Seven of Infinities by Aliette de Bodard
Vân opens the front door to her room to see that the avatar for the mindship The Wild Orchid in Sunless Woods is in the common access area used by Vân and her student, Uyên. Sunless Woods is there to tell Vân that the poetry club in which they are both members is considering ousting Vân on the grounds that she is “commonplace” and “vulgar,” limited by her birth into poverty rather than as a privileged member of the scholarly and wealthy class. It’s a judgment with which Sunless Woods does not agree, so she’s come to warn Vân.
Vân fears this action for several reasons: she’ll lose her job as a private teacher for the wealthy Uyên; but more than that, she risks exposure. For Vân has a mem-implant that is not only unconventional but illegal: a conglomeration of sharp minds and not an ancestor at all. But that problem quickly takes second place when Uyên comes into her teacher’s quarters to tell her that a visitor who just joined her a few minutes ago is dead.
So begins Seven of Infinities (2020), a lovely novella by Aliette de Bodard that has been nominated for a Locus Award. It’s a science fiction mystery, an unconventional romance, a glimpse into an entire culture de Bodard has created in her Xuya universe (though one need not have read other stories set in this universe in order to appreciate Seven of Infinities).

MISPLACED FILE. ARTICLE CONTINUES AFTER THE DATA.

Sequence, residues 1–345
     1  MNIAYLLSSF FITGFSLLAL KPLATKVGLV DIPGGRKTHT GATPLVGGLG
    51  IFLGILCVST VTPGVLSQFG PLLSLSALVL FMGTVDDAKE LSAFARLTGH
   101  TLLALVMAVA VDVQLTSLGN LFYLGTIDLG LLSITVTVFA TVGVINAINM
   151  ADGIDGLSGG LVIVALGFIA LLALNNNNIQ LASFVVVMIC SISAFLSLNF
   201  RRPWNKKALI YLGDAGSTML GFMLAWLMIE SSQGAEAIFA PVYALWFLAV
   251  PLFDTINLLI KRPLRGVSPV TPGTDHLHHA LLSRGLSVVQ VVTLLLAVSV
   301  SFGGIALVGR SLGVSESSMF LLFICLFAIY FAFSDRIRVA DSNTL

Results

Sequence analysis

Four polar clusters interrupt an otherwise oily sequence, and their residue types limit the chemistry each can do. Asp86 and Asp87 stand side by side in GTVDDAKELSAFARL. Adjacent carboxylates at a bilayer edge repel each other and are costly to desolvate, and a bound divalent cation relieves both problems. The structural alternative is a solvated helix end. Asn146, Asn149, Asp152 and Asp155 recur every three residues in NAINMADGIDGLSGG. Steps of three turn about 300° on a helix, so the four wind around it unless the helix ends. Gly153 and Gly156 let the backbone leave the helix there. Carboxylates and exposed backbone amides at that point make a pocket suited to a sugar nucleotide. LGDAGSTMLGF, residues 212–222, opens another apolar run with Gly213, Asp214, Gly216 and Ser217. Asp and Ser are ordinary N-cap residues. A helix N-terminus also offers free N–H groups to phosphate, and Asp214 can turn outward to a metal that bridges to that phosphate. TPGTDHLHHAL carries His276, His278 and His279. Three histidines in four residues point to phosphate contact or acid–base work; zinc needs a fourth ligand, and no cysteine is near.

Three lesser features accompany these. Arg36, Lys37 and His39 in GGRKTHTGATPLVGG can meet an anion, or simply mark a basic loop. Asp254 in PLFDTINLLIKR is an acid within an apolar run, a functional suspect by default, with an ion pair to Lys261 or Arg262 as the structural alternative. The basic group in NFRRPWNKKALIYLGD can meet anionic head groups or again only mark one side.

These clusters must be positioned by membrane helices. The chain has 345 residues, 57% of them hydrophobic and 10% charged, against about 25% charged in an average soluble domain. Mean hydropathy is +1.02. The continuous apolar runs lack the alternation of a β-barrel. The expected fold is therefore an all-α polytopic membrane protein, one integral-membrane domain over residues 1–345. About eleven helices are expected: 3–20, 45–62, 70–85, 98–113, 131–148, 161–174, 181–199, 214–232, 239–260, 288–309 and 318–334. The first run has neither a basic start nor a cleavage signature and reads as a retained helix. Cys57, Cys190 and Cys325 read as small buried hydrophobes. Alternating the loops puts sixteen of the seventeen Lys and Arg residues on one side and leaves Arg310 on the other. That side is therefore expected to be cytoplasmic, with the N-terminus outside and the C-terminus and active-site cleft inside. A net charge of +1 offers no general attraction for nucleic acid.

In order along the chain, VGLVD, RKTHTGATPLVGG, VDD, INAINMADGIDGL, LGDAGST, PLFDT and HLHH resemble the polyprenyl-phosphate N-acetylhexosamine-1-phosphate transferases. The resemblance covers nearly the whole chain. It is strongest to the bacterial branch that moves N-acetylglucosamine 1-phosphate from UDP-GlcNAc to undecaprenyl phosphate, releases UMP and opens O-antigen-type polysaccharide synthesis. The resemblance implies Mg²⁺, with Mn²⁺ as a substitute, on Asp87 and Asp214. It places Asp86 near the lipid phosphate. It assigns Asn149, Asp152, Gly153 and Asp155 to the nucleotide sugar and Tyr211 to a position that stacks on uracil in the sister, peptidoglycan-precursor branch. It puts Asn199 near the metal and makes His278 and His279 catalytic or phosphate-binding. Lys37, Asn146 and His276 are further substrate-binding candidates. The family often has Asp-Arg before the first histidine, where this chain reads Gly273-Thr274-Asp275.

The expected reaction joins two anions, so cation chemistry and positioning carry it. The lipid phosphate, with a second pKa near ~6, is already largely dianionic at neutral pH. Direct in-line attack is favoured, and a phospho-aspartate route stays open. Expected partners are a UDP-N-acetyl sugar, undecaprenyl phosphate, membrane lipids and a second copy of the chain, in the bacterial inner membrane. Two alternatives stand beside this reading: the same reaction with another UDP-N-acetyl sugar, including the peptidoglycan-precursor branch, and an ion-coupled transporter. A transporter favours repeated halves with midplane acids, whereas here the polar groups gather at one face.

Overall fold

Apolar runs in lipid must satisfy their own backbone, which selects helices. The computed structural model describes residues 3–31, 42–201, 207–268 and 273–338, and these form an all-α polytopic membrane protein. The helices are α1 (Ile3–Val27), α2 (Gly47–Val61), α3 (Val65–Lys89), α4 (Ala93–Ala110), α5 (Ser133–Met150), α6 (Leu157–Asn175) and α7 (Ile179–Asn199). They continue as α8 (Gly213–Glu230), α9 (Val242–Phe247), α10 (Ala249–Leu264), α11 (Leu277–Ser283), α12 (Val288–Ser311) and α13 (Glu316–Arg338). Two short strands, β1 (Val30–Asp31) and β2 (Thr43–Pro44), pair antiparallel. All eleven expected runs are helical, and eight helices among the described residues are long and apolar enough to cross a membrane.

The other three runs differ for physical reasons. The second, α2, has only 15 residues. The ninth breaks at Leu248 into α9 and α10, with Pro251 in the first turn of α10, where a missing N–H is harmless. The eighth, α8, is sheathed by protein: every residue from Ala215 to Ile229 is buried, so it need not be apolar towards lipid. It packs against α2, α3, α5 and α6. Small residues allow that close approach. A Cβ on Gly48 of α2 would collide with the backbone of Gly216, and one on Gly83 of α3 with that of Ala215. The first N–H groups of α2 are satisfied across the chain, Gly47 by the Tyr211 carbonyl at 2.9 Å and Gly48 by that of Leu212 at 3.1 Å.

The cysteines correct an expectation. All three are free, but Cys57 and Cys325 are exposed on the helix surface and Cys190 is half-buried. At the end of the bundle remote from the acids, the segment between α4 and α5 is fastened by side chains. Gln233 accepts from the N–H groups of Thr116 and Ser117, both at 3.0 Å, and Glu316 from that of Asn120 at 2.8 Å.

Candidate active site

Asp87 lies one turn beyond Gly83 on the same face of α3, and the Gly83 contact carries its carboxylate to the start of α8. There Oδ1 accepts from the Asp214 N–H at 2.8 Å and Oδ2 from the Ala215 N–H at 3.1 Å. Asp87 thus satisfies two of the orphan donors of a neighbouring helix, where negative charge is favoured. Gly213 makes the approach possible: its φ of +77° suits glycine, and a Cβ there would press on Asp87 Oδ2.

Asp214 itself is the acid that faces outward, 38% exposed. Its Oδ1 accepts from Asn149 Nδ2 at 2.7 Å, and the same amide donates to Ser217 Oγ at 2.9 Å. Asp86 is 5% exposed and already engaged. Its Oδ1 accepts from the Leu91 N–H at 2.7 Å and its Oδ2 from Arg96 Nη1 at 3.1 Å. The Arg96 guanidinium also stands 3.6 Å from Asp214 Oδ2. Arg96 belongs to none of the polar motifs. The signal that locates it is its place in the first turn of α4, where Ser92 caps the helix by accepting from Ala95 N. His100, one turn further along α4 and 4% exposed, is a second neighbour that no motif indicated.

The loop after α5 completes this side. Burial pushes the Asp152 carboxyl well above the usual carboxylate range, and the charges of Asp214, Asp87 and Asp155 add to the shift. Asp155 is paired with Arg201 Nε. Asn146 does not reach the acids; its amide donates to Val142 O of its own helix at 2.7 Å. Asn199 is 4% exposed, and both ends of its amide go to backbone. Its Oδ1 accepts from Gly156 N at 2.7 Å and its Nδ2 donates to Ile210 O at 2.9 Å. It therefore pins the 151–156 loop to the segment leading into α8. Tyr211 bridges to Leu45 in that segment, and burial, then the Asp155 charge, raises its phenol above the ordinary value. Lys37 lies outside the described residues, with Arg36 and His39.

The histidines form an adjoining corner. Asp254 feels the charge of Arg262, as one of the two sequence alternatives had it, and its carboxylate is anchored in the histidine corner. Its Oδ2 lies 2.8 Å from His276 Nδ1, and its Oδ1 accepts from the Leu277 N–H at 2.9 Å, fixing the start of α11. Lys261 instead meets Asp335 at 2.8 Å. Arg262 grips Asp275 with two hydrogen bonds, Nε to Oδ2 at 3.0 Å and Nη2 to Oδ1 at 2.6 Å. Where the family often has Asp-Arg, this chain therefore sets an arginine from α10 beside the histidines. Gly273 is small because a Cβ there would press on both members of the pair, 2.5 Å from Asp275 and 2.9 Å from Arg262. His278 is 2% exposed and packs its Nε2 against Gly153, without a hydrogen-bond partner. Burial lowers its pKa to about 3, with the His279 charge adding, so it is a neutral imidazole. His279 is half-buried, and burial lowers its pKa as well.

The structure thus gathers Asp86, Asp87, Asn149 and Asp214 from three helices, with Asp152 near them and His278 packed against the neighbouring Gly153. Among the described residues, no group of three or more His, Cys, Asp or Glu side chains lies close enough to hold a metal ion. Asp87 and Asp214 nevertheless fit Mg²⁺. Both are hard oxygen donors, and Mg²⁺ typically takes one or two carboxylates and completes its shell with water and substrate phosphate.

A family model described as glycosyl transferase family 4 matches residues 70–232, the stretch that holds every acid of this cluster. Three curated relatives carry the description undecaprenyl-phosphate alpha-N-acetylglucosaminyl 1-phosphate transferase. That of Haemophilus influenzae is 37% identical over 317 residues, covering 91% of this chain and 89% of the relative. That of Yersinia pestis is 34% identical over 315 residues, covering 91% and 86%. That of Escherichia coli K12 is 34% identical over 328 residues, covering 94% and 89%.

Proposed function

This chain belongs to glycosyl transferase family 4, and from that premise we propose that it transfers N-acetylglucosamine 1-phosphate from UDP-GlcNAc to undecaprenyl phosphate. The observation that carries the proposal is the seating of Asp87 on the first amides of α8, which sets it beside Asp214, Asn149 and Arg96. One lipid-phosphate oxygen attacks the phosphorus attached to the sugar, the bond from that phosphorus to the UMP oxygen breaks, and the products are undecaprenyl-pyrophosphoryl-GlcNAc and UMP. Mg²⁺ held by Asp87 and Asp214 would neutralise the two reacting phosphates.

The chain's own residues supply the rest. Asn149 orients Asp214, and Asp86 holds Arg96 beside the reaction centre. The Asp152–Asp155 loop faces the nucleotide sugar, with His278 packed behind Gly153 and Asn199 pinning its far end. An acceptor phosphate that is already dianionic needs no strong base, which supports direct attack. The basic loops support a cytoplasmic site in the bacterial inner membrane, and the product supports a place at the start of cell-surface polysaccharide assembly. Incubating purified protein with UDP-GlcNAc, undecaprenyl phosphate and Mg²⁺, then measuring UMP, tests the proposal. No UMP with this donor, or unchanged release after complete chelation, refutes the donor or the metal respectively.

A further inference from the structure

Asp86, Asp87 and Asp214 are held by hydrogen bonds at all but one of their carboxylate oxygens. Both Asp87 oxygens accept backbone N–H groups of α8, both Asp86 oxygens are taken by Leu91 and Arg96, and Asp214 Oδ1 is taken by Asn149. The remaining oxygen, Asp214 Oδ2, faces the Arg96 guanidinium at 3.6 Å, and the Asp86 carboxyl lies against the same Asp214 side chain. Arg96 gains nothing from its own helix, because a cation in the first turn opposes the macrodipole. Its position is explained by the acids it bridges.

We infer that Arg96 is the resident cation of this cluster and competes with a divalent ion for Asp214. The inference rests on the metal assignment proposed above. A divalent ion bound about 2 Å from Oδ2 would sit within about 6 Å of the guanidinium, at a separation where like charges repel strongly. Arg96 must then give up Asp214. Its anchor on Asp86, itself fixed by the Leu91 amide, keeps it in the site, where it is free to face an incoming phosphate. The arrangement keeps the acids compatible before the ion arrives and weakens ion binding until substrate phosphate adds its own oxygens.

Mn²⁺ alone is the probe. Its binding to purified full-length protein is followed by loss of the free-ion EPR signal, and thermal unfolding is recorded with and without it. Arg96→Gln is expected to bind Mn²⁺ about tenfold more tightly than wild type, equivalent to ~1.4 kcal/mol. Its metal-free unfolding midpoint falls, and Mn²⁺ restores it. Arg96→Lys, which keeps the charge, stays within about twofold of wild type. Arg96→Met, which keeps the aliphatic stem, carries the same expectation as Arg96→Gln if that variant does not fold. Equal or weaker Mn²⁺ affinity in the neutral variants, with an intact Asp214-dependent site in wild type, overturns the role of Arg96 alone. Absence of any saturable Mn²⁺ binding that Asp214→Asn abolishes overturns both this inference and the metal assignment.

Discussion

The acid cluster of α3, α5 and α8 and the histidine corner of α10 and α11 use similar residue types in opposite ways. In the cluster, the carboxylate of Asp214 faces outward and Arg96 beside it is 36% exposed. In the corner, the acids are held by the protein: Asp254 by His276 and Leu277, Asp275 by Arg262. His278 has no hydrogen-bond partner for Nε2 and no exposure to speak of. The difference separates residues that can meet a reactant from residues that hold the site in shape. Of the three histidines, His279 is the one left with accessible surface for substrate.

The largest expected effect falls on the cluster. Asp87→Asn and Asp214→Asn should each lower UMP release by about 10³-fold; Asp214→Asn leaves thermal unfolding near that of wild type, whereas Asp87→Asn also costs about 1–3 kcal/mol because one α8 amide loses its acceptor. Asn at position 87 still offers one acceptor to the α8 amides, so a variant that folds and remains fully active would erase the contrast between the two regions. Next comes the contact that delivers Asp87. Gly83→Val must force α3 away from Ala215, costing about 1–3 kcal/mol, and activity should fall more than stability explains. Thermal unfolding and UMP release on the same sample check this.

Sunless Woods is an especially fascinating character, a thief, a lover, a scholar and a fundamentally decent person who also happens to be a starship. Vân is mostly meek and mild, filled with guilt and fear, but with a steel core; people regularly underestimate her. De Bodard manages to convey the utterly alien character of her deep space setting and how humans have adapted to it.
But the intricate plot is really the star of this tale. I often have trouble with de Bodard’s work in that I tend to feel like I’ve been thrown into the deep end of a pool with no swimming lessons. Perhaps it is my unfamiliarity with Vietnamese folklore, religion and customs that make her work difficult sometimes for an American of Eastern European descent like me.
This novella speaks past my ignorance, however, and gives me a completely engrossing tale that stretches my imagination. It’s one of the best stories she’s written yet.